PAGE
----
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Burnish, and make a gaudy Show,
Become a Gen’ral, Peer, and Beau ;
Till Peace hath made the Sky serene,
Then shrink into its Hole again.

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All this we grant why then look gonder,
Sure that must be a Salamander !

FARTHER, we are by Pliny told,
This Serpent is extremely cold,
So cold, that, put it in the Fire,
'Twill make the


Flames expire :
Beside, it spews a filthy Froth,
(Whether thro' Rage, or Love, or both,)
Of Matter purulent and white,
Which happen'd on the Skin to light,
And there corrupting to a Wound,
Spreads Leprosy and Baldness round.

So have I seen a batter'd Beau,
By Age and Claps grown cold as Snow,
Whose Breath or Touch, where-e'er he came,
Blew out Love's Torch, or chill'd the Flame.
And shou'd some Nymph who ne'er was cruel,
Like Carleton cheap, or fam'd Du-Ruel,
Receive the Filth which he ejects ;
She foon wou'd find the same Effects,
Her tainted Carcass to pursue,
As from the Salamander's Spue;

A disinal

A dismal Shedding of her Locks,
And, if no Leprosy, a Pox.

Then I'll appeal to each By-Stander,
Is not this same a Salamander ?

* The ELEPHANT: Or, The Par

liament- Man; written inany Years finnce, Taken from Coke's Institutes.

'RE Bribes convince you whom to chuse,

The Precepts of Lord Coke perulc.
Observe an Elephant, says he,
And let like him your Member be ;
First take a Man that's free from Gall;
For Elephants have none at all;
In Flocks or Parties he must keep ;
For Elephants live just like Sheep;
Stubborn in Honour he must be ;
For Elephants ne'er bend the Knee :
Last let his Memory be found,
In which your Elephant's profound;
That old Examples from the Wise,
May prompt him in his No's and I's..

Thus the Lord Coke hath gravely writ,
In all the form of Lawyers Wit;


And then with Latin, and all that,
Shews the Comparison is pat.

Yet in some points my Lord is wrong:
One's Tacth are sold, and t'other's Tongue :
Now Men of Parliament, God knows,
Are more like Elephants of Shows ;
Whole docile Memory and Sense
Are turn'd to Trick, to gather Pence.
To get their Master half a Crown,
They spread their Flag, or lay it down :
Those who bore Bulwarks on their Backs,
And guarded Nations from Attacks,
Now practise ev'ry pliant Gesture
Op'ning their Trunk for ev'ry Tefter.
Sian, for Elephants fo fam'd,
Is not with England to be nam’d;
Their Elephants by Men are fold;
Ours sell themselves, and take the Gold.

An ELEGY on the supposed Death

of PARTRIDGE, the AlmanackMaker.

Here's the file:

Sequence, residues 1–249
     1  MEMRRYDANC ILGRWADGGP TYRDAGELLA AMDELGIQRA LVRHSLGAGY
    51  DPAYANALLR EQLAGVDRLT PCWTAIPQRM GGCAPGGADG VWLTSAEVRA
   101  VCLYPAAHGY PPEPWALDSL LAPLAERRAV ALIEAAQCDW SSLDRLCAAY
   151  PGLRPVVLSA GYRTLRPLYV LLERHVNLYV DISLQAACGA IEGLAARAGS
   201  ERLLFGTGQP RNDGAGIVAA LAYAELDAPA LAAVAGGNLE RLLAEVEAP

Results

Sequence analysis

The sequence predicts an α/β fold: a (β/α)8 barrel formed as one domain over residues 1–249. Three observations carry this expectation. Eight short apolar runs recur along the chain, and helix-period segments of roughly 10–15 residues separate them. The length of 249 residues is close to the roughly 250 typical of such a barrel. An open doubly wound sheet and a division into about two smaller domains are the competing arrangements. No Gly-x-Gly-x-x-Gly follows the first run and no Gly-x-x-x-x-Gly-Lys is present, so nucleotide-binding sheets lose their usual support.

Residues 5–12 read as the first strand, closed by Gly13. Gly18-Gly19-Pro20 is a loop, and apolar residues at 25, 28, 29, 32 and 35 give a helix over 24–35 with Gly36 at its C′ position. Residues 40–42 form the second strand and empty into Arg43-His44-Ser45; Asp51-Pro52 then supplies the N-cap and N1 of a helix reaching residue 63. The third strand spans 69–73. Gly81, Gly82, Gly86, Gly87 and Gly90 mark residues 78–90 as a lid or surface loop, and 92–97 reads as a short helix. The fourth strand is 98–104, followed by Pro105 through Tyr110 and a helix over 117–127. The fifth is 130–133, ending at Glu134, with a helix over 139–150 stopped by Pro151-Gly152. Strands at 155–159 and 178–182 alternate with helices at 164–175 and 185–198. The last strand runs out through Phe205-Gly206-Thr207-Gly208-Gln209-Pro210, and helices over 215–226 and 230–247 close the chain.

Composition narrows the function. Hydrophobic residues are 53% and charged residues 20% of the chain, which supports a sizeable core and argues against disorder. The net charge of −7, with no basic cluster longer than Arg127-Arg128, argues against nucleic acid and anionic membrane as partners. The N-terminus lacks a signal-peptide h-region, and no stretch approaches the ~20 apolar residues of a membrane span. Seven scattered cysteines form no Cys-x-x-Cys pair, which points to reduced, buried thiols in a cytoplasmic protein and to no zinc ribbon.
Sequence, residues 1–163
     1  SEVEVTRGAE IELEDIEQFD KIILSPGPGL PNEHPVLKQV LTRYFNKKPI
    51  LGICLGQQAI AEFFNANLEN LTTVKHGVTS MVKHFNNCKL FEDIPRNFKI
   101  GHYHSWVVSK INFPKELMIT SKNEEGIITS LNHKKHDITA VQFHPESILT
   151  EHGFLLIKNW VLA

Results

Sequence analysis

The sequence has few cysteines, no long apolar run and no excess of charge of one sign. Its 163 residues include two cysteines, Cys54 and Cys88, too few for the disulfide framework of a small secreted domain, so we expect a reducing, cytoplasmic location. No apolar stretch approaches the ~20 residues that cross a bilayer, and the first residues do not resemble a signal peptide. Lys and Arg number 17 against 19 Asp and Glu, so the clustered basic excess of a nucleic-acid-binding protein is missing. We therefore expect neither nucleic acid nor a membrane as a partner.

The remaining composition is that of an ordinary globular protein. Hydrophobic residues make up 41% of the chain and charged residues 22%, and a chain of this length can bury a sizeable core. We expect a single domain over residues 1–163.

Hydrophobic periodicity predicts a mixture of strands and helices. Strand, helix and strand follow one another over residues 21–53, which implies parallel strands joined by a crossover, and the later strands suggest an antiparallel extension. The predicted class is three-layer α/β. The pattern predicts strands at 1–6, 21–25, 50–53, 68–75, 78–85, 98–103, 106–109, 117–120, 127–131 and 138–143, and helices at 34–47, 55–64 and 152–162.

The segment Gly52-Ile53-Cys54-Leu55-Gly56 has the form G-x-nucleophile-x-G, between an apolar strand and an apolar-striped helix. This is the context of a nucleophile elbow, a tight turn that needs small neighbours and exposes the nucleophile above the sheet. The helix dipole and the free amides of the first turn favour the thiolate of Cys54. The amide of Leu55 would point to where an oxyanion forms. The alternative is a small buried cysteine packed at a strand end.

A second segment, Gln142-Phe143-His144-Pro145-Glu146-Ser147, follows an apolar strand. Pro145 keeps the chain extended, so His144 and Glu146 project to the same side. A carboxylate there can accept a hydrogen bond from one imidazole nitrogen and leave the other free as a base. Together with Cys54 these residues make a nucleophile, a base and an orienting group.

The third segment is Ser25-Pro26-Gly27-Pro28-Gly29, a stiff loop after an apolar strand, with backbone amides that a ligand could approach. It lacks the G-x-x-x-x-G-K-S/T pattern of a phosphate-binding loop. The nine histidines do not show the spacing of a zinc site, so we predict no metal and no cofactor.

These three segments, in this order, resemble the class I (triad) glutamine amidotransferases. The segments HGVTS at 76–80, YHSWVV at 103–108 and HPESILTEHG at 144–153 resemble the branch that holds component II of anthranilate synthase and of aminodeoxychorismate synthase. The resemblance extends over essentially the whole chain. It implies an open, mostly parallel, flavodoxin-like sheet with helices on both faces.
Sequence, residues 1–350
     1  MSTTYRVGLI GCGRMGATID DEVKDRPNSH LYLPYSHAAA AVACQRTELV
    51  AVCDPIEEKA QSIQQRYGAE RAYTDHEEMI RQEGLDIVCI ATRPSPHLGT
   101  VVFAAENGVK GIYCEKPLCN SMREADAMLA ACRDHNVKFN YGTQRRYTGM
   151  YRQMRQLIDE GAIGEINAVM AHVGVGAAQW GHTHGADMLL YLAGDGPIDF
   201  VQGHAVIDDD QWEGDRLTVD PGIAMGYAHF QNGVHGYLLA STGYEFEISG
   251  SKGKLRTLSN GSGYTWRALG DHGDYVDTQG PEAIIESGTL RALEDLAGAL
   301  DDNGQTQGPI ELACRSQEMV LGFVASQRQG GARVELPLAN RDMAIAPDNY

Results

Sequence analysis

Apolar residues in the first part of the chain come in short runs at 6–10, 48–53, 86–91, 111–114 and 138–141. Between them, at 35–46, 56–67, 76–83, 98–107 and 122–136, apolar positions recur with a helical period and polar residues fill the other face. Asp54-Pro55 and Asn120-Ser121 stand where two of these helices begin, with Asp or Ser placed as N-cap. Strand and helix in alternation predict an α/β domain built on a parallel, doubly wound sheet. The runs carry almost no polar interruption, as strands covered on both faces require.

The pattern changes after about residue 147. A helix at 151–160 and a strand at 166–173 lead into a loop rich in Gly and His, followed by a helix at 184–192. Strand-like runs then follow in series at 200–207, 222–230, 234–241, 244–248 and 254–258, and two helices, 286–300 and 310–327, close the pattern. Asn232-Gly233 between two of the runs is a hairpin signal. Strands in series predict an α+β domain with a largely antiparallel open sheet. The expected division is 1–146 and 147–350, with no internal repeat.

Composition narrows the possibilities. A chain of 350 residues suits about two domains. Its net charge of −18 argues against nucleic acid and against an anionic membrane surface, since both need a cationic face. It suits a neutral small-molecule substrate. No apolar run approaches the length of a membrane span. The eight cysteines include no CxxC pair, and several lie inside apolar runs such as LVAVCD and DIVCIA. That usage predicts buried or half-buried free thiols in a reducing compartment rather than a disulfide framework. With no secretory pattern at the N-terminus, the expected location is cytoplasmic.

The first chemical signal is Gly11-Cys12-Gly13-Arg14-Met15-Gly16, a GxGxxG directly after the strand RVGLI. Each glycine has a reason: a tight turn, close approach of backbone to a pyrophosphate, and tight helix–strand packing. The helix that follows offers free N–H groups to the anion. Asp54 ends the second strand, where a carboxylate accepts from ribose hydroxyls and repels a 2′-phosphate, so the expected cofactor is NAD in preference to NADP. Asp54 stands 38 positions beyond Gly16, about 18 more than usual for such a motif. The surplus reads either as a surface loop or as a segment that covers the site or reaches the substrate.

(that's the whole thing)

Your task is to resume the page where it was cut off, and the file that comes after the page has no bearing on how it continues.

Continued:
ELL, 'tis as Bickersaf has guess’d,
Tho we
all took it for a Jeft ;


Partridge is dead, nay more, he dy'd
E're he could prove the good 'Squire lyd.
Strange, an Astrologer shou'd die,
Without one Wonder in the Sky!
Not one of all his Crony Stars
To pay 'their Duty at his Herse ?
No Meteor, no Eclipfe appear'd ?
No Comet with a flaming Beard ?
The Sun has rose, and gone to Bed,
Just as if Partridge were not dead :
Nor hid himself behind the Moon,
To make a dreadful Night at Noon.
He at fit Periods walks through Aries,
Howe'er our earthly Motion varies ;
And twice a Year he'll cut th' Equator,
As if there had been no such Matter.

Some Wits have wonder'd what Analogy
There is 'twixt * Cobbling and Afrology:
How Partridge made his Opticks rise,
From a Shoe-Sole, to reach the Skies.

A List the Coblers Temples Ties, To keep the Hair out of their Eyes ; From whence 'tis plain the Diadem That Princes wear, derives from them, And therefore Crowns are now-a-days Adorn'd with Golden Stars and Rays,

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Which plainly shews the near Alliance
'Twixt Cobling and the Planets Science.

Besides, that flow-pac'd Sign Bootes,
As 'tis miscallid, we know not who 'tis ?
But Partridge ended all Disputes,
He knew his Trade, and callid it Boots.

The Horned Moon, which heretofore
Upon their Shoes the Romans wore,
Whose Wideness kept their Toes from Corns,
And whence we claim our Shooing-Horns ;
Shews how the Art of Cobling bears
A near Resemblance to the Spheres.

A SCRAP of Parchment hung by Geometry
(A great Refinement in Barometry)
Can, like the Stars, foretel the Weather ;
And what is Parchment else but Leather ?
Which an Astrologer might use,
Either for Almanacks or Shoes.

Thus Partridge, by his Wit and Parts,
At once did practise both these Arts ;
And as the boading Owl (or rather
The Bat, becausc her Wings are Leather)
Steals from her private Cell by Night,
And flies about the Candle-Light ;
So learned Partridge could as well
Creep in the Dark from Leathern Cell,

* See his Almanack.


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